Author interview: Gayne Young
Today I've had the pleasure of interviewing author Gayne Young. This bloke has lived an interesting life, and to tell the truth, I'm a little jealous of the list of countries he's had the chance to explore! He's written a few cool books, most recently 'Bug Hunt', published through Severed Press - you should definitely check it out.
Alister Hodge: Hi Gayne, can you tell us a little about yourself and the major influences on your writing?
Gayne Young: I live in Fredericksburg in the Texas Hill Country and suffer every allergy season because of it. Damn cedar pollen! I started writing and selling history articles while in college at St. Edward’s University. From there, I turned to writing about the outdoors, mostly hunting, fishing, and adventure. Those gigs have taken me around the world. I’ve hunted Africa, Mexico, Alaska, Paraguay, Argentina, and New Guinea, fished and traveled the Amazon, and traveled five continents. My experiencing wild places allowed me to easily jump into the pulp fiction market. If you can write about stalking an elephant you can probably write about stalking a Bigfoot.
AH: How would you describe your writing style?
GY: How and what I write depends on who I’m writing for. Each magazine I write for has a different audience. The way I write for my books is probably my favorite style as it’s more or less me and what I enjoy. As for my style, I think my friend and fellow writer / editor Doug Howlett summed it up best when he said, “If you mixed Ernest Hemingway, Robert Ruark, Hunter S. Thompson, and four shots of tequila in a blender, a "Gayne Young" is what you'd call the drink!”
AH: You recently published a Kaiju novel through Severed Press titled ‘Bug Hunt’. What attracted you to this genre and what do you think it offers readers?
GY: Bug Hunt is only a Kaiju novel in that the insects are huge. But they’re only huge because the hunters are small. The book takes place in the near future where hunters can shrink themselves and their wares to hunt insects in a controlled environment. The idea came about after watching a few documentaries that showed just how indestructible insects are. I think readers will appreciate the fast-paced action and how grounded the book is in reality…well, not the shrinking part.
AH: Novel writing can be a challenging process. Is there tips you would provide new horror writers on how to move from an idea towards something more substantial they can flesh out into a story?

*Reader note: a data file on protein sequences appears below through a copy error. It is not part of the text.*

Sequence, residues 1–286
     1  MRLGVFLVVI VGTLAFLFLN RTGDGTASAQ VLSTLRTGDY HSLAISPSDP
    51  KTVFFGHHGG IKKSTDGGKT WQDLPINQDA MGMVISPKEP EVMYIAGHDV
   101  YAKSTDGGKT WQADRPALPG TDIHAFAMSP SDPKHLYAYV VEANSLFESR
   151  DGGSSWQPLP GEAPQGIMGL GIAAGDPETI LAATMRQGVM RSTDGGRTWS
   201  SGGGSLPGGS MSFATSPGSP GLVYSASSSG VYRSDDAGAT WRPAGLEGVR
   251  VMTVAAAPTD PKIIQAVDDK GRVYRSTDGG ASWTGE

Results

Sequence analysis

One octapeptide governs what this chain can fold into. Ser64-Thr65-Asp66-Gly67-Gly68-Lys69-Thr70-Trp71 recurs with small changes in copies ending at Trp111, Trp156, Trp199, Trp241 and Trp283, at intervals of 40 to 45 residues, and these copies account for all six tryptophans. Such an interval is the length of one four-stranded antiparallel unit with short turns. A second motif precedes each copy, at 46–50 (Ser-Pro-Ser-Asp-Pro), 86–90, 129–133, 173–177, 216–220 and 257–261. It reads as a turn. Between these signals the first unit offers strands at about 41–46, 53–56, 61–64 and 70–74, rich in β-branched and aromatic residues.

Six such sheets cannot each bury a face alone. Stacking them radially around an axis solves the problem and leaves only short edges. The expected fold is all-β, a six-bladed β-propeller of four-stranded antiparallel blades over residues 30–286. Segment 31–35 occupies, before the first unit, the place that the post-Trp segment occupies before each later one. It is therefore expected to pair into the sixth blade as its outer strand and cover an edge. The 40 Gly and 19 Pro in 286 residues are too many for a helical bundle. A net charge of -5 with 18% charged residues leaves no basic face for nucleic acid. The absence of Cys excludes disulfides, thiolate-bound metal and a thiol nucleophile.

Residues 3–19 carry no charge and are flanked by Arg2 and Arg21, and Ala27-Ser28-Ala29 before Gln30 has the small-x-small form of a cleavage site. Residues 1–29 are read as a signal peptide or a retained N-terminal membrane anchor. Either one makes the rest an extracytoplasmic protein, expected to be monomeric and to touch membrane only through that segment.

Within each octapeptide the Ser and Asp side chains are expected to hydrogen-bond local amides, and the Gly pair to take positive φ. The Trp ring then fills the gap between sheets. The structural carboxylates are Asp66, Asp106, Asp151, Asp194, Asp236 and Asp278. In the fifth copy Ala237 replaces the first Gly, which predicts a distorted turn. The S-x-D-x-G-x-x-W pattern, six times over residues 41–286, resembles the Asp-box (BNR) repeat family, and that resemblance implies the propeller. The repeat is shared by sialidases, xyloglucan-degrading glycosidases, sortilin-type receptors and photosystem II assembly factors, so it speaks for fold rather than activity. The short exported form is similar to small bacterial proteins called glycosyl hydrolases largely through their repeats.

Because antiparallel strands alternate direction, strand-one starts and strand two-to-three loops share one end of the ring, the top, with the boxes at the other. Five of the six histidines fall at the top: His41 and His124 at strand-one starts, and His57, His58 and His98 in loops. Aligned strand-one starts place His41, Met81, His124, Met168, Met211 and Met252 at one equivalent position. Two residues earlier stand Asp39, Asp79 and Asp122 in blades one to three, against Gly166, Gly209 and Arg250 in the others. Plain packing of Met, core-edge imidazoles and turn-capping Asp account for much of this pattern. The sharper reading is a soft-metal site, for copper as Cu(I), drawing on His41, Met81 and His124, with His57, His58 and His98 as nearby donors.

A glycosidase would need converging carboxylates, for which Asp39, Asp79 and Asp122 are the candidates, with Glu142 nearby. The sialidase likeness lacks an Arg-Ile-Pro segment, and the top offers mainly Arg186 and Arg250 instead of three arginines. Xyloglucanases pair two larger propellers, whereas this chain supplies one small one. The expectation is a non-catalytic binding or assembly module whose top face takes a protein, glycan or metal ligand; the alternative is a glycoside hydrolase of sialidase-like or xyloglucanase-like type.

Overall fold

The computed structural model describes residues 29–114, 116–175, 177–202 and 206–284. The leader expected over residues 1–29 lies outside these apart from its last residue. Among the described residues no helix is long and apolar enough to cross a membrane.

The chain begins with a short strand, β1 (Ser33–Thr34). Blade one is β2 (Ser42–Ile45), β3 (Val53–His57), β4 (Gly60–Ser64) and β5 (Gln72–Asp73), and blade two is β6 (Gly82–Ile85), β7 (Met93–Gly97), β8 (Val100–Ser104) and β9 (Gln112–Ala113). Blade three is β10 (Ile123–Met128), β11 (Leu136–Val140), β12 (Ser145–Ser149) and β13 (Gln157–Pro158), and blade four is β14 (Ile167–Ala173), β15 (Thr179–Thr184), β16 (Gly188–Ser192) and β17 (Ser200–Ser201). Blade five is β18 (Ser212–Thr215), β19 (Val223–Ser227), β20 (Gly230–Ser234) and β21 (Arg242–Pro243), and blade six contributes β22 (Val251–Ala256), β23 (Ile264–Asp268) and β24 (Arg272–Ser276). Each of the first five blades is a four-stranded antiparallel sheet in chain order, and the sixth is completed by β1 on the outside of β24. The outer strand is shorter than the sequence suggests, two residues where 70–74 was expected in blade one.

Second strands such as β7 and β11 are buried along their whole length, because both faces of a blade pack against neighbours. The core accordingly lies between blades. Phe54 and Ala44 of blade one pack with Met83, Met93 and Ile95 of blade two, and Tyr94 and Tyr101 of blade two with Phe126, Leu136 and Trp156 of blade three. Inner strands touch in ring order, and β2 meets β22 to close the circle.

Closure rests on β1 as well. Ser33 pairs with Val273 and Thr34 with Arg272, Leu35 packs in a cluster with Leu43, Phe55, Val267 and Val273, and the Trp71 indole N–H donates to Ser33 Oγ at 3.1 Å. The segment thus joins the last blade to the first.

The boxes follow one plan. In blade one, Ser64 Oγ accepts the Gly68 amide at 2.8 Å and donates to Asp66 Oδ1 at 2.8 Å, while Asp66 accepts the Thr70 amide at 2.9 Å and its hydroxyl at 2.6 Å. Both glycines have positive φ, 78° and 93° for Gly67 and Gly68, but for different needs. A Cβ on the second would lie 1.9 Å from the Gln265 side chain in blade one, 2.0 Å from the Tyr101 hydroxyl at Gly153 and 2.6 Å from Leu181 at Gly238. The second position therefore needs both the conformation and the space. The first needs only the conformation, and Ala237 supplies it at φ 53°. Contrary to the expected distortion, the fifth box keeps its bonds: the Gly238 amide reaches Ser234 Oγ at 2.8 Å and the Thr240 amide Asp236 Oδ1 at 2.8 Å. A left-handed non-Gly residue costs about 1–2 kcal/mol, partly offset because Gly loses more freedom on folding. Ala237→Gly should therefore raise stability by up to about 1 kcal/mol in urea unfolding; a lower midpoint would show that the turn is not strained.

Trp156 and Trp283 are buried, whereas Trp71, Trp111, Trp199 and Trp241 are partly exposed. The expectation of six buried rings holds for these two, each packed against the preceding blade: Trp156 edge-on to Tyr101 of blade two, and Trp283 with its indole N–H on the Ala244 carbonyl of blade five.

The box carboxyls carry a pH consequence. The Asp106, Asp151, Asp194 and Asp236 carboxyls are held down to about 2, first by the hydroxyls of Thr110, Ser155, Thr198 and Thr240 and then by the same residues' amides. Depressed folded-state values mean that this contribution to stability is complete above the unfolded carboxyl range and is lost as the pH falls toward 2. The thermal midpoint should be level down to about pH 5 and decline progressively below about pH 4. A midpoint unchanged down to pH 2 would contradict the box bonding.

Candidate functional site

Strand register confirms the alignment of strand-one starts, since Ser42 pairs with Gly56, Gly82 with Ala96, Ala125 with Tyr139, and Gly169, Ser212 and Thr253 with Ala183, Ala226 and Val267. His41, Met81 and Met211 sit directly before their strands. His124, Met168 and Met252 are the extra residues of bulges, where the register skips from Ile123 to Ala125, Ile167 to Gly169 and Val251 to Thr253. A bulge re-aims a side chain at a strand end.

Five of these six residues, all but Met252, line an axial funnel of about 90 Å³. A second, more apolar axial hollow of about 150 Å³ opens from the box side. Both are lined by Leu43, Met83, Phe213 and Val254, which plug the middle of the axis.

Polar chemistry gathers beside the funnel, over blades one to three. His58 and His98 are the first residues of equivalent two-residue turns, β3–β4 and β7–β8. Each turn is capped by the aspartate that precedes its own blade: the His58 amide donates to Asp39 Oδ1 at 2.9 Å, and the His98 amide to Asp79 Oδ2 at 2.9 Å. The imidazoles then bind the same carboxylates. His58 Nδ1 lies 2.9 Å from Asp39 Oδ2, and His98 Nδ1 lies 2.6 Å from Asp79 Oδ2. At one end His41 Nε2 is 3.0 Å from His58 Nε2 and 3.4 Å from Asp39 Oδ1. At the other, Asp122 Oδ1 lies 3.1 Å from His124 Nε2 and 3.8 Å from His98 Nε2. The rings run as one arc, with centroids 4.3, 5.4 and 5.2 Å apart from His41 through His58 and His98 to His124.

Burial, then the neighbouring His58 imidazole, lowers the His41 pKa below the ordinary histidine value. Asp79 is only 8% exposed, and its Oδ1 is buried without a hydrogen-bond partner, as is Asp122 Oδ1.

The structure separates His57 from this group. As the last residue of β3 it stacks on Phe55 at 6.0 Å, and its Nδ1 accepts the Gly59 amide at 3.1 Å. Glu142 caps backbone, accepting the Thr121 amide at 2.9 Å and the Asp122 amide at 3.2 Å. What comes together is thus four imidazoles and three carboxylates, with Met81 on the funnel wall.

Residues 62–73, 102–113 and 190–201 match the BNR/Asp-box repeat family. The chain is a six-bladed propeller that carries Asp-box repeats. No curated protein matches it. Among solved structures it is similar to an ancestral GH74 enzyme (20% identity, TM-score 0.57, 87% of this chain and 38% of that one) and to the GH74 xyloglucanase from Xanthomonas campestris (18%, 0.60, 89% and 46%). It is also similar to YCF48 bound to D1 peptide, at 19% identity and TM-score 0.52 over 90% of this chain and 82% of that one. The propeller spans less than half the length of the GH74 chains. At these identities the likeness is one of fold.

GY: I’m very scene oriented. I see my book as a movie before I write it out. Because of this, my chapters are short and tight. I also craft notes on characters, locations, and dialogue. But I’m also a huge believer in doing what works for you. Study how others write, take tips here and there, then adapt all that into a manner that works for you.
AH: Horror writing covers an incredibly broad range of styles and topics. Is there anything you feels crosses a line that you won’t write about as an author?
GY: If something doesn’t feel real to me then I have a hard time with it. And what feels real to me doesn’t always make sense. An example of that is me watching Game of Thrones. I have no issues with ice zombies and dragons but for some reason when those woodsy elf fairies or whatever the hell they are come on, I just zone out. I’m like, “That’s so stupid.” Which makes no sense at all. I’m ok with flying reptiles that spit fire but not elves. So, to answer your question I guess I just have to feel something is real before I would want to tackle it. I’m also very aware of what I can and cannot write.
AH: Self-promotion is always challenging. What would be the top three things you would recommend new authors to focus on to help get there work in front of readers?
GY: My three things would be, “Just Keep Trying.” You never know how or when that next contact will come about because of something you did or posted.
AH: Could you name three other horror authors that you think we should search out?
GY: James Carlos Blake doesn’t write horror but the way he grapples violence is truly horrific. And a form of art. Whitley Strieber has scared the crap outta me many a time. I love most of the script work of John Carpenter as well.
AH: Of all your previous work, which of your novels is your favourite, and which novel would you recommend a new reader of your work to pick up first?
GY: I’m always a fan of the next thing I’m working on but would suggest checking out And Monkeys Threw Crap At Me: Adventures In Hunting, Fishing, And Writing for an idea of my non-fiction and Teddy Roosevelt: Sasquatch Hunter for fiction.
AH: Can you tell us about your most recent
GY: My latest is Bug Hunt of which Jake Bible said, “"If you're looking for some great SciFi action and adventure then your hunt is over because Bug Hunt is exactly what you've been looking for!"
AH: Have you got any new novels in the works that we should keep our eyes open for?
GY: The Tunnel is my next Severed Press title and should be out within the next month or so. Here’s the blurb:
Hell lies under the Texas-Mexico Border. When the Acuña Cartel tunnels under the Rio Grande and into the United States, they tap into a vast cavern that’s home to a once thought mythical species.
The massacre that ensues leaves 12 men dead, brings tunnel construction to a standstill, and turns the idea of it ever opening into an unacceptable possibility. Losing money by the hour, the Cartel pulls Captain Jarrett Taylor out of retirement to lead a band of mercenaries under the Earth to eliminate an animal more savage than any human force they’ve ever faced. The mission quickly goes bad and plunges the team into a desperate battle of survival and exodus from the beasts’ very lair.